NTSB investigators either traveled in support of this investigation or conducted a significant amount of investigative work without any travel, and used data obtained from various sources to prepare this aircraft accident report.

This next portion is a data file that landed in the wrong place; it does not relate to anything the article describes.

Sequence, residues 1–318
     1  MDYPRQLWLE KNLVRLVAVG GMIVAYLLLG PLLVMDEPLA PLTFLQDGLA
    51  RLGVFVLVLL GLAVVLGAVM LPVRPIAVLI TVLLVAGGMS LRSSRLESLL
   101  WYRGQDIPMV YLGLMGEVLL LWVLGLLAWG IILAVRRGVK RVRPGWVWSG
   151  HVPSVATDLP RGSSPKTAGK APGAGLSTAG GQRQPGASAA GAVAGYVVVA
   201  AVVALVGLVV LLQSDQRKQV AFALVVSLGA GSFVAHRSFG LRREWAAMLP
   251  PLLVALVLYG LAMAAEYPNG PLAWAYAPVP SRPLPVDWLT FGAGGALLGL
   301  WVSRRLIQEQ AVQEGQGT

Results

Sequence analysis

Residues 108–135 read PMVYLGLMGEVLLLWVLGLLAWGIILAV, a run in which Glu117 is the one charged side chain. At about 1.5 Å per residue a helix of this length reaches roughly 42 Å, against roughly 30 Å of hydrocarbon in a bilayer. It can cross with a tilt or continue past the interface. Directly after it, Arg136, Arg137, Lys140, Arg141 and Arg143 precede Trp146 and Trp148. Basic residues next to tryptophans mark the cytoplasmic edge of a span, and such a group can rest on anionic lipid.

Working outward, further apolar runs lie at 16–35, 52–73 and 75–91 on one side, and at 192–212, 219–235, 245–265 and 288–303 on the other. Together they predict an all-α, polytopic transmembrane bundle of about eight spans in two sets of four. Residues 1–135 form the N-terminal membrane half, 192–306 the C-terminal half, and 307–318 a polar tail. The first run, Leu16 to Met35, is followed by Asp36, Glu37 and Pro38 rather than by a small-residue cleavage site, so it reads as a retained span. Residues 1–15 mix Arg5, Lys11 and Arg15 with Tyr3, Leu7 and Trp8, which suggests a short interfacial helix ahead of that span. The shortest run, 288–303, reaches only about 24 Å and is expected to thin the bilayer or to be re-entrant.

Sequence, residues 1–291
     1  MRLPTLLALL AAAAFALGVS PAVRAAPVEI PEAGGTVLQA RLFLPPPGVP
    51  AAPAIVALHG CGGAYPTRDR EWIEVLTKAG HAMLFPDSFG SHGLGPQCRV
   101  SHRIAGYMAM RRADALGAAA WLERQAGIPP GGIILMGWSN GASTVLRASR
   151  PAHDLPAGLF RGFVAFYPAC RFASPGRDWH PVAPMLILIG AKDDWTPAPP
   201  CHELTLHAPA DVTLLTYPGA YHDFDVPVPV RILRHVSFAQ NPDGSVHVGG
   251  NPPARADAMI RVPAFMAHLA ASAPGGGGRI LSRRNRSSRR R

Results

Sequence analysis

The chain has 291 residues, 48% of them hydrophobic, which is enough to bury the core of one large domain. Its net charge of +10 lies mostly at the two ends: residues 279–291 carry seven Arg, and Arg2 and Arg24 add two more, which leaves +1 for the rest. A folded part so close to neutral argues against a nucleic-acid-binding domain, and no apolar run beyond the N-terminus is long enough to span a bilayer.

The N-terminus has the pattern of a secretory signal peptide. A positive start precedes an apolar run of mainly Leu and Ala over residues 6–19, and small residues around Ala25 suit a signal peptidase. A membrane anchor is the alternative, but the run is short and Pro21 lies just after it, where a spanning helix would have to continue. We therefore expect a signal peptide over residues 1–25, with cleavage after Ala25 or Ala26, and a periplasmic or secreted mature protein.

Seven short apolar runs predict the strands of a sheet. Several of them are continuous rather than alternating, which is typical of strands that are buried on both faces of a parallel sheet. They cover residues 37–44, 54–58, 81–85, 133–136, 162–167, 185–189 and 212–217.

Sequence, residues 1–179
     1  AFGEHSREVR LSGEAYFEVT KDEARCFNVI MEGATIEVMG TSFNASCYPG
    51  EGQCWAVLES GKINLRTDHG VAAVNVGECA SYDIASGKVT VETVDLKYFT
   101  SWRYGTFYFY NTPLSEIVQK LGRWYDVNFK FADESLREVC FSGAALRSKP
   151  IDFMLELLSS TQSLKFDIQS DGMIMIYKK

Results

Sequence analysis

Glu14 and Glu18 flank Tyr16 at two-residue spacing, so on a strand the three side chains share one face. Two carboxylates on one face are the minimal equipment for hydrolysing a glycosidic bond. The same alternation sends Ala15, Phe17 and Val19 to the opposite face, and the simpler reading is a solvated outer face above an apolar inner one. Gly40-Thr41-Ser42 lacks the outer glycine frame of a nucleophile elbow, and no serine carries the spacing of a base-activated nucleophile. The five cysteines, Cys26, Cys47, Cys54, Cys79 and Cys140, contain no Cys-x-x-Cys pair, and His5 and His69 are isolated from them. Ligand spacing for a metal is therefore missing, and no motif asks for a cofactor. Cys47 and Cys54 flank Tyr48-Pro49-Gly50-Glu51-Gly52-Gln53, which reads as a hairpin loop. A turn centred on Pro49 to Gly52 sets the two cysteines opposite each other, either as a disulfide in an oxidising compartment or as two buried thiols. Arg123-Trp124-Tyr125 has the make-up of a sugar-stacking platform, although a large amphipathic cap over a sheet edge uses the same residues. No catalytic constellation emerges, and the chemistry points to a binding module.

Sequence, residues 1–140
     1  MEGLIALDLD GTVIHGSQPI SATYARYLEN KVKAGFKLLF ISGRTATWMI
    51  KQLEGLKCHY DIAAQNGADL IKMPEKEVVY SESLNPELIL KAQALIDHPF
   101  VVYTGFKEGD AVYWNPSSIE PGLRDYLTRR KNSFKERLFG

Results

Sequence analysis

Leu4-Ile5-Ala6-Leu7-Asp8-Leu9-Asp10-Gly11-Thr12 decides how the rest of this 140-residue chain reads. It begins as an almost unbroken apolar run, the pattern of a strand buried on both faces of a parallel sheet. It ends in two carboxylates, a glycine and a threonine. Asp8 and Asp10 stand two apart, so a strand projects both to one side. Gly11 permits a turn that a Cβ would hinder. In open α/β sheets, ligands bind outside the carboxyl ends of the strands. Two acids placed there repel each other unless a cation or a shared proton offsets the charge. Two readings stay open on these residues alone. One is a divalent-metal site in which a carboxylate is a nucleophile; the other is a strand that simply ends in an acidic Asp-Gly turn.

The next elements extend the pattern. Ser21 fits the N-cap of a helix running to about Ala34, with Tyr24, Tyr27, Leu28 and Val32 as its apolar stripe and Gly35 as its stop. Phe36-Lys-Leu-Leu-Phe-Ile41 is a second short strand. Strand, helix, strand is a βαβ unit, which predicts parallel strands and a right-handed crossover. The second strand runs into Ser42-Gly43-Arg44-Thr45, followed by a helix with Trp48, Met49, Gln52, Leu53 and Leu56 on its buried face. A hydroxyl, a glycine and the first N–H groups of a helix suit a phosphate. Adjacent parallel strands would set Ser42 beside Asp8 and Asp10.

The commercial pilot departed on a cross-country flight in night instrument meteorological conditions with the airplane’s fuel tanks full, providing an estimated fuel endurance of 4 hours 50 minutes. Two hours 50 minutes into the flight, the pilot reported a loss of engine power on the right engine, which was followed by a loss of engine power on the left engine. The pilot attempted to land at a nearby airport; however, the airplane impacted trees about 8 miles short of the airport. A review of weather information revealed no evidence of in-flight icing or other weather conditions that may have contributed to the accident.Postaccident examination of the airframe and engines revealed no preimpact failures or malfunctions that would have precluded normal operation. All fuel tanks were compromised; however, an undetermined amount of fuel spilled from the left fuel tank during recovery of the wreckage. The left engine fuel selector valve was found in the “X-FEED” (crossfeed) position, and the corresponding cockpit fuel selector switch was found in an intermediate position, which was likely the result of impact damage. The right engine fuel selector valve and the corresponding cockpit fuel selector switch were found in the “ON” position. With the valves in these positions, both the left and right engines would have consumed fuel from the right fuel tank. Review of performance charts and fueling records indicated that if the flight was conducted with the valves in the as-found positions, exhaustion of the fuel in the airplane’s right fuel tank would have occurred about the time the pilot reported the dual engine failure. In addition, the yaw trim was found in the full nose-right position. It is possible that the pilot used nose-right yaw trim to counteract an increasing left-turning tendency during the flight as fuel was burned from only the right wing’s fuel tank making it relatively lighter than the left wing.According to the expanded checklist in the pilot’s operating handbook for the airplane, during taxi, the pilot was to move each fuel selector to “X-FEED” for a short time, while the other selector was in the “ON” position, before returning both fuel selectors to the “ON” position before takeoff. According to a checklist found in the airplane, the fuel selectors were to be set to “X-FEED” during taxi and then to “ON” during engine run up. GPS data recovered from onboard devices indicated that the pilot taxied from the ramp and onto the active runway without stopping in about 3 minutes, indicating that it is unlikely he performed a complete run up of both engines before takeoff. He likely failed to return the left engine fuel selector from the “X-FEED” to the “ON” position, where it remained throughout the flight and resulted in fuel starvation and a loss of engine power on both engines.Toxicological testing revealed that the pilot was taking citalopram (an antidepressant) and rosuvastatin (a statin); however, it is unlikely these drugs contributed to the accident. Review of medical and pathological information revealed no evidence of any medical condition that may have contributed to the accident.